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My game of Put and Take

When I was a kid, we had this little pinball machine called Put and Take. Depending on where the ball landed, you either got points or lost points. It was a fairly mindless game, but it served to kill an hour when you were bored.

There were other versions of the same game; the commercial machine with lights, bells and buzzers and the board game version. I think the old-time casinos had the money version.

Well, guess what: It seems I have never stopped playing. I just didn’t recognize the format — my checkbook. In the movie “Lawrence of Arabia,” Omar Sharif plays an Arab sheik who proclaims, “The Turks pay me a golden treasure, yet I am poor. Because I am a river to my people.”

That’s me. Only, I am a river to my creditors. The amount of money that has passed through my bank account during my lifetime is staggering.  It is amazing how little sticks to me, just enough, it seems, to keep me from moving into a box behind the Grand Union.

Of course, it is people like me that drive the engine of our economy. I invested, having been assured that mutual funds were the way to go. Do not leave that money in a low-interest savings account, they said.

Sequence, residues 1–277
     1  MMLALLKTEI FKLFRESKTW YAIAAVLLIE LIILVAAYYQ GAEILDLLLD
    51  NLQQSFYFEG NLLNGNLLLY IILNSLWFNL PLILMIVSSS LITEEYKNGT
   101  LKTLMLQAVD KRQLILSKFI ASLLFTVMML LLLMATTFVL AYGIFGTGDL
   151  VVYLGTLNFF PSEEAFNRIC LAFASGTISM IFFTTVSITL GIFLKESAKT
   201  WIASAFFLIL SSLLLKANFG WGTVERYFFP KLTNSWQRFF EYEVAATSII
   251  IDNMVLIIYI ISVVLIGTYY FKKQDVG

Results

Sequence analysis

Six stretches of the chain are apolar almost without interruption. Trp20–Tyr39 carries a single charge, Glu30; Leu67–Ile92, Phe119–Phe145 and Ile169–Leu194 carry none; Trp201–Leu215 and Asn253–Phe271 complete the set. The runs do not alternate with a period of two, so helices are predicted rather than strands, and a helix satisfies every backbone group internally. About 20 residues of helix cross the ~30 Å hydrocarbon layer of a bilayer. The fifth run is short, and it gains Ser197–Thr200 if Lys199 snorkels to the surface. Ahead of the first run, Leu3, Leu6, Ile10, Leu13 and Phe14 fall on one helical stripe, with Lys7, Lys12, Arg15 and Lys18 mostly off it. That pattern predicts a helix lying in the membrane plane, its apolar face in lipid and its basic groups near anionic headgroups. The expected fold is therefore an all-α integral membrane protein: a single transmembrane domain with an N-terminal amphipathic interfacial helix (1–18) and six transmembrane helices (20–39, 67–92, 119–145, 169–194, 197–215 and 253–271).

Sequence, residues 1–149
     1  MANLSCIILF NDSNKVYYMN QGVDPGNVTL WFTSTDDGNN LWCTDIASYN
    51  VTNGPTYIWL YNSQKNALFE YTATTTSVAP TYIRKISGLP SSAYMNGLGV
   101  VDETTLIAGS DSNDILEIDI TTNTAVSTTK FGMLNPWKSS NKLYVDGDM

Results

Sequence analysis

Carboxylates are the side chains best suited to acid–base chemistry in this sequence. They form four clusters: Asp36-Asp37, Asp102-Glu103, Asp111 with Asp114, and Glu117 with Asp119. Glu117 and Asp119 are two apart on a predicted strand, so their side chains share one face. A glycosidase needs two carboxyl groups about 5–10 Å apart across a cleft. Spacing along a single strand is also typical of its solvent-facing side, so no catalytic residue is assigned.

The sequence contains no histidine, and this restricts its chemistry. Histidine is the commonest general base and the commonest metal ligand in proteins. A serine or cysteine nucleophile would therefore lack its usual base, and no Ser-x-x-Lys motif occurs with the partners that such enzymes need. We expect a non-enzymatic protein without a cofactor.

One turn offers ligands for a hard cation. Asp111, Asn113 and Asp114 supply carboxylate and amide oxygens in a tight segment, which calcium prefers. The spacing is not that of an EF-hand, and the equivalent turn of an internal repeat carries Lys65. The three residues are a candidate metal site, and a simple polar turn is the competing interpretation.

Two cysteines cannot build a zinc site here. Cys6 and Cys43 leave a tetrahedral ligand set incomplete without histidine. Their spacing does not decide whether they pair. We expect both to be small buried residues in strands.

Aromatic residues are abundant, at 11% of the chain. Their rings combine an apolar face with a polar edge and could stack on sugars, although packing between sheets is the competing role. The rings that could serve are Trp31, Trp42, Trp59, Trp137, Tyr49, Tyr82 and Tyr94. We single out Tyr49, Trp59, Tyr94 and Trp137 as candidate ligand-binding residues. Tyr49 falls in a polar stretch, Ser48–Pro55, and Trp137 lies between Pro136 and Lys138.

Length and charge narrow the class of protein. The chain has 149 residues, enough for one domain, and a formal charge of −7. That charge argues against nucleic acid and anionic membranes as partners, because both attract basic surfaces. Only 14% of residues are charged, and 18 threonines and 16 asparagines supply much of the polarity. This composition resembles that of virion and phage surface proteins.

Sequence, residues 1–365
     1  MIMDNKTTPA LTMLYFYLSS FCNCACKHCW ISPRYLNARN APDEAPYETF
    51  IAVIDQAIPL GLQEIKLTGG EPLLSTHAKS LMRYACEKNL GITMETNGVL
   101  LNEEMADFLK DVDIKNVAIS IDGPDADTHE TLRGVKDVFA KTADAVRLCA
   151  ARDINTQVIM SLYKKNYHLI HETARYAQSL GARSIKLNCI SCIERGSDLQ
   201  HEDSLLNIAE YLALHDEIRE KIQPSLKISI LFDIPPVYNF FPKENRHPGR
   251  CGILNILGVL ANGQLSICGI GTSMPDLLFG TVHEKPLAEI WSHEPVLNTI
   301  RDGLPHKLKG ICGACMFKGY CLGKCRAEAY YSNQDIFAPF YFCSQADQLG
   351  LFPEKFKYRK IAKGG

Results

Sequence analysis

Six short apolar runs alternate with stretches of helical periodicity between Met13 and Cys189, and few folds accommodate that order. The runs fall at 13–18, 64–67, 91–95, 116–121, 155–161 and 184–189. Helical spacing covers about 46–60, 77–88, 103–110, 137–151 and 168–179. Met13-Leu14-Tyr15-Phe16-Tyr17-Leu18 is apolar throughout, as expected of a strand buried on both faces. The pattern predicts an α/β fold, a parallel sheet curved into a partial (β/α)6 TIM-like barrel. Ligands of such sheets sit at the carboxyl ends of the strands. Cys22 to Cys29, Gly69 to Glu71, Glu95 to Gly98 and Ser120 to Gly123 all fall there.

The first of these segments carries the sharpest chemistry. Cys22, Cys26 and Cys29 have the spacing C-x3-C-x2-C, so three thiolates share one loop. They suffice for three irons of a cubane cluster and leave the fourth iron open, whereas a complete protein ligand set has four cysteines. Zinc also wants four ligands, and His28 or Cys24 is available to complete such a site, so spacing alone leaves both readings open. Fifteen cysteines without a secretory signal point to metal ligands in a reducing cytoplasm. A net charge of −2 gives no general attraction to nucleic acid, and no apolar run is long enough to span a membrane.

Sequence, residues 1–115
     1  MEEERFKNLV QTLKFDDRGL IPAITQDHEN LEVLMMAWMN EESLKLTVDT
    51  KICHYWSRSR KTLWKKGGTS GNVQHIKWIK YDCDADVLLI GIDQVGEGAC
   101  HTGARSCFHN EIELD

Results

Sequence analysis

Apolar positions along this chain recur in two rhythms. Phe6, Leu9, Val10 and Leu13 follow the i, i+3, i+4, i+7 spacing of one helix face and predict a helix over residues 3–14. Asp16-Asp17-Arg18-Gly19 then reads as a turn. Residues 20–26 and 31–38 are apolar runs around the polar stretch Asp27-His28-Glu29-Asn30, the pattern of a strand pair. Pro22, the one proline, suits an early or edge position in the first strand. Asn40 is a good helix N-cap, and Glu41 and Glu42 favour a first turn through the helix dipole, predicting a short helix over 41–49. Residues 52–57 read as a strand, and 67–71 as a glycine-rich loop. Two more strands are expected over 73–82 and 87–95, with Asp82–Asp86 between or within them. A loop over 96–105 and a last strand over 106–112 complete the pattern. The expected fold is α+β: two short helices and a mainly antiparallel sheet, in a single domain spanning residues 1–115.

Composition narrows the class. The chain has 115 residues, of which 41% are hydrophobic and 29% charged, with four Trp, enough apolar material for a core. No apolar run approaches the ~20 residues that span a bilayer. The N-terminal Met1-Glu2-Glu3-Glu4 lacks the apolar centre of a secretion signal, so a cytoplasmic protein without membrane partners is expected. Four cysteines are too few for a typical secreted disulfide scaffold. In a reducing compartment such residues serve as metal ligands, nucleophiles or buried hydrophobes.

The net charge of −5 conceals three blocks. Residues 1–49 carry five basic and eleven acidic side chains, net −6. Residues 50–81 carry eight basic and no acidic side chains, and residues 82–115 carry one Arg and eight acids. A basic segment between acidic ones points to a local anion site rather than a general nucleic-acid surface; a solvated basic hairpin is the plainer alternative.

I seem to have gotten Woody Allen’s character from his film, “A Midsummer Night’s Sex Comedy,” the investment broker who takes people’s money and invests it until there is nothing left. It didn’t help that a month after taking the plunge, one of the worst tragedies in the United States occurred, the World Trade Center was attacked, plummeting the stock market into the worst fall since the Great Crash. My timing may have been somewhat flawed.

Then there was real estate. My first house was bought on a shoestring and cost less than a used car does today. Nonetheless, it was a big deal for me. Then I took a new job that required relocation. It was, of course, at a time when it was a buyer’s market. I lost my equity. The buyer made out fine, just not me. There’s that river again.

Contractors love me. That is because once again I am a homeowner. If it’s not the roof, it’s the cellar, or something in the cellar. It could be inanimate, like the furnace, or animate, like that skunk that moved in under the foundation.

They have a thing called a taxi stand in areas of high usage. Cabs that don’t have anything going on can pull in there and wait for business, which usually doesn’t take very long.

Welcome to my contractor stand. It’s right over there, by the river of money.

Bill Abrams resides, alongside that river, in Pine Plains.

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